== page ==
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What The Qur'an Teaches: When Response Is Slow In Coming

Islamic Perspectives - Muslim Journals

Arab News & Information - By Adil Salahi

In the name of God, the Lord of Grace, the Ever Merciful

Respond to your Lord before there comes, by God's will, a day that cannot be put off. There shall be no refuge for you on that day, nor shall you be able to deny your sins. If they turn away, We have not sent you to be their keeper. Your only duty is to deliver the message [entrusted to you]. When We give man a taste of Our grace, he rejoices in it, but if misfortune befalls him on account of what he has done with his own hands, he is bereft of gratitude. To God belongs sovereignty over the heavens and the earth. He creates what He will. He grants female offspring to whomever He will, and male to whomever He will; Or gives both male and female to whomever He will, and causes whomever He will to be barren. He is all-knowing, infinite in His power. (Consultation, Al-Shura, 42: 47-50))

Now the surah addresses those who stubbornly opposed the Prophet's message with an order to respond to their Lord before such a fate comes upon them, all of a sudden, when they will be without support. A directive to the Prophet is added instructing him to turn away from them if they persist in their rejection. His task though is only to deliver his message; he is not responsible for anyone: "Respond to your Lord before there comes, by God's will, a day that cannot be put off. There shall be no refuge for you on that day, nor shall you be able to deny your sins. If they turn away, We have not sent you to be their keeper. Your only duty is to deliver the message (entrusted to you). When We give man a taste of Our grace, he rejoices in it, but if misfortunes befalls him on account of what he has done with his own hands, he is bereft of gratitude."

Having made the warning and the directive abundantly clear, these verses portray the nature of the one who opposes the divine message and stubbornly refuses to submit to its truth. He is fickle, wildly rejoicing when he is granted something of God's grace and panicking in the face of adversity. In such a situation, man often transgresses all bounds and shows no gratitude for what he is given: "When We give man a taste of Our grace, he rejoices in it, but if misfortune befalls him on account of what he has done with his own hands, he is bereft of gratitude."

By way of comment on this, the surah makes absolutely clear that whatever happiness or misfortune, affluence or scarcity befalls man is determined by God. It is very strange therefore for someone, who reacts in this way to blessings and misfortune, to turn away from God when He holds all the strings affecting his life: "To God belongs sovereignty over the heavens and the earth. He creates what He will. He grants female offspring to whomever He will, and male to whomever He will; Or gives both male and female to whomever He will, and causes whomever He will to be barren. He is all-knowing, infinite in His power."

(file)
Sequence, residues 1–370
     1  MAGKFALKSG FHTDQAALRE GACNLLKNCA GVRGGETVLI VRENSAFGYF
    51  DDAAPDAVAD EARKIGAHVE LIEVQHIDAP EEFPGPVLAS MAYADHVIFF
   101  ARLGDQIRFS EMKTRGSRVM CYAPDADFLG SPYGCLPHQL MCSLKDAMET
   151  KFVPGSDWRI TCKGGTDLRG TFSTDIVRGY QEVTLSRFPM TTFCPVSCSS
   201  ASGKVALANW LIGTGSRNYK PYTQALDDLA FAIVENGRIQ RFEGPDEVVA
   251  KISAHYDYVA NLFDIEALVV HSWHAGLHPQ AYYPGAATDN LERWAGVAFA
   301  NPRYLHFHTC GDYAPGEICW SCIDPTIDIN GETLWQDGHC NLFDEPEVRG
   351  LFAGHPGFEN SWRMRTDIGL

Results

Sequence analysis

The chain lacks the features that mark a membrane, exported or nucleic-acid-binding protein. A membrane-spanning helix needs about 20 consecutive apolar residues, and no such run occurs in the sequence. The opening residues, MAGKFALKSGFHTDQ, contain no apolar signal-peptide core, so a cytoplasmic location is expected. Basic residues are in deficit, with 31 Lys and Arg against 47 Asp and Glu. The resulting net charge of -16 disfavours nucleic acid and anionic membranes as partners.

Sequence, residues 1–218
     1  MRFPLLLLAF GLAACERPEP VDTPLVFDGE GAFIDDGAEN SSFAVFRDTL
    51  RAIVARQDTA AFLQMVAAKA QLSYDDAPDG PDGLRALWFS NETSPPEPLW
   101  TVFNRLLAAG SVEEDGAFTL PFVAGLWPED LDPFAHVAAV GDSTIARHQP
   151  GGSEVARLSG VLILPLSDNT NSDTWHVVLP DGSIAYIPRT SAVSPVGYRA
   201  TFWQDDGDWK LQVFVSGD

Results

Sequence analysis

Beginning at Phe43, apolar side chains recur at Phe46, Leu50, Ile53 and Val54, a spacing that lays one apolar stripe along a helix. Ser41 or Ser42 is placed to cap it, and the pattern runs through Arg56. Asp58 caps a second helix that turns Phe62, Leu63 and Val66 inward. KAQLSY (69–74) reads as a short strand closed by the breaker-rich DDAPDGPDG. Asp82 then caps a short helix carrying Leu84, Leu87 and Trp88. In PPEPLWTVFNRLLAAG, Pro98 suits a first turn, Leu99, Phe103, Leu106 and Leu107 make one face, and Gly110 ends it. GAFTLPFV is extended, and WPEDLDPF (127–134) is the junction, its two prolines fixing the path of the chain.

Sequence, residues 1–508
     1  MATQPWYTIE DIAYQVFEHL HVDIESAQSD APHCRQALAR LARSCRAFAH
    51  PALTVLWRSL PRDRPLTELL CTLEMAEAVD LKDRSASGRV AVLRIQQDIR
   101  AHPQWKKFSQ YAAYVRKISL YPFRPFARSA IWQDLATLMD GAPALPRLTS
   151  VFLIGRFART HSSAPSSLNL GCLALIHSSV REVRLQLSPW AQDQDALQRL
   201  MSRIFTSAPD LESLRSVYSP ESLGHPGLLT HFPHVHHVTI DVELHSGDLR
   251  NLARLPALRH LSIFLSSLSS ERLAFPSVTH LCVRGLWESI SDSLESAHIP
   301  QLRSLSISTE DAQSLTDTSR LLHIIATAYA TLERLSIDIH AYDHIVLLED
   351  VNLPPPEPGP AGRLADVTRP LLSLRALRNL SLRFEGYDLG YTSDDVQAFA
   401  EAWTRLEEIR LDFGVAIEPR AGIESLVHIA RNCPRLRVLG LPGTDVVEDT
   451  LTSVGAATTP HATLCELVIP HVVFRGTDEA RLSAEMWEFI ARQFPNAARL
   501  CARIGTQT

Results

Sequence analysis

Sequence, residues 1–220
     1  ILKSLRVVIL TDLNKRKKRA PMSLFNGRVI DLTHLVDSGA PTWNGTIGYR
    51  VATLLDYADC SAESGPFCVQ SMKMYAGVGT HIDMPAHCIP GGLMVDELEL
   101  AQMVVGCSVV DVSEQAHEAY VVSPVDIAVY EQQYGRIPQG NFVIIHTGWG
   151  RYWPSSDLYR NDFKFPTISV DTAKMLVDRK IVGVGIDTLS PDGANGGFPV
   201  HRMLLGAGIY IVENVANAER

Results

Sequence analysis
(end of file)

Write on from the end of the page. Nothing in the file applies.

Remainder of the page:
Offspring is an aspect of what man is given or denied. It is something very dear to man. Since human nature is very sensitive to procreation, looking at it from this angle is more effective. The surah spoke earlier of man's provisions and how they are given in plentiful or scant measure. Offspring is a different aspect of what God provides man with. It is no different from money, however, in the way it is granted.

These verses begin by stating that everything in the heavens and earth belongs to God alone. This introduction fits with every detail that follows this statement of general ownership. The same is true of the succeeding sentence: "He creates what He will." (Verse 49) This emphasizes the effect the verse aims to generate, directing man, who loves every good thing, to turn to God who creates everything that man loves and dislikes.

Further details are given of what God may grant or withhold. He may grant female offspring to anyone. The Arabs addressed for the first time by the Qur'an used to dislike females. He also grants male children to anyone He chooses. Alternatively, He may give offspring of both kinds to anyone. The fourth situation is that He may deny offspring altogether, making people barren. What is important to remember is that all these situations are determined by God's will. None interferes in His decision which is based on His perfect knowledge and executed by His power: "He is all-knowing, infinite in His power."

As it draws to its conclusion, the surah picks up its main theme again, which is the truth of revelation and message. It speaks of the nature of this contact between God and His chosen servants and how it is done. It asserts that such contact has actually taken place with the last messenger, Muhammad (peace be upon him). This last contact has a definite objective God wishes to accomplish, namely, providing guidance along a straight path to whoever chooses to be guided. We will discuss this in more detail next week, God willing.

 

  EsinIslam.Com

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